Europe stocks slip as debt ceiling talks continue; Germany enters recession; ASML soars after Nvidia results (2023)

European markets ended lower Thursday as negative sentiment on the back of ongoing U.S. debt ceiling negotiations continued to weigh.

After a choppy day, the benchmark Stoxx 600 finished around 0.24% lower. Tech stocks bucked the trend to end 1.8% higher following Nvidia's blockbuster results, which gave related stocks a boost. Dutch chip machine maker ASML ended the day almost 5% higher.

Other sectors slipped, however, while oil and gas stocks fell around 2%.

European markets

U.S. markets were also buoyed by Nvidia's numbers, with the 0.48% higher and Nasdaqup 1.4% by 4:40 p.m. London time. This despite Fitch Ratings placing the United States' AAA rating on a negative rating watch, saying the debt ceilingnegotiations have raised the risks that the government could miss payments on some of its obligations.

Elsewhere, data from the German statistics office on Thursday showed a downward revision to gross domestic product from zero to -0.3% for the first three months of the year, placing Europe's biggest economy in a technical recession. The DAX index was 0.25% lower.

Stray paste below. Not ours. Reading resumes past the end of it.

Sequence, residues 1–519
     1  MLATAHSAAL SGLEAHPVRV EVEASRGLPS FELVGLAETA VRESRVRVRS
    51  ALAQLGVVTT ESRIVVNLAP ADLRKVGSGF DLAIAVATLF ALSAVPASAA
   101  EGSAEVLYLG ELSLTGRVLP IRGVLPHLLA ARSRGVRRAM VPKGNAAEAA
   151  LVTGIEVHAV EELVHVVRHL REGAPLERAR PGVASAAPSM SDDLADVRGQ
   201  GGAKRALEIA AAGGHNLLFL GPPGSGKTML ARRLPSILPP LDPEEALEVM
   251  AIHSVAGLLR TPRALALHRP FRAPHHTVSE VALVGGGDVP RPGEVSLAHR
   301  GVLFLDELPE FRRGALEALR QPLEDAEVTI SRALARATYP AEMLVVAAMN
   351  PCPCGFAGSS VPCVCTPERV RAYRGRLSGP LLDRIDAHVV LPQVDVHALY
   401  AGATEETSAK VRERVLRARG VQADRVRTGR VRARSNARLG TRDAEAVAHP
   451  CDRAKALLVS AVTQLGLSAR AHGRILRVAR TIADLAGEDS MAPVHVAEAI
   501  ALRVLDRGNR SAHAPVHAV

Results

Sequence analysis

In Asia-Pacific, markets were largely lower with Hong Kong'sHang Seng indexfalling about 2% to close at 18,746.92 — the lowest level this year.

Europe markets end lower

European markets ended the day in the red Thursday, with the pan-regional Stoxx 600 finishing around 0.24% lower.

On a country basis, the U.K's FTSE 100 was 0.62% down and Spain's Ibex 35 was 0.43% lower. France's Cac 40, Germany's Dax and Italy FTSE Mib were all down around 0.25%.

Katrina Bishop

Semiconductor ETFs hit new 52-week highs

Multiple semiconductor ETFs reached new 52-week highs Thursday morning, led by Nvidia shares rallying more than 24% following its earnings and current quarter forecast announcement.

The VanEck Semiconductor ETF was up 6.5% Thursday, on pace for its strongest day of the year back to Nov. 10, 2022. The iShares Semiconductor ETF was up 4.4%.

The broader Technology Select Sector SPDR (XLK) Fund also gained 2.3% and reached a new 52-week high.

Europe stocks slip as debt ceiling talks continue; Germany enters recession; ASML soars after Nvidia results (1)

VanEck Semiconductor ETF and Technology Select Sector SPDR Fund (XLK

— Hakyung Kim, Gina Francolla

Chip firms boosted by Nvidia results

Dutch firmASMLand Taiwan'sTSMC, two of the world's most important semiconductor firms, got a share price boost on Thursday afterNvidia'searnings impressed investors.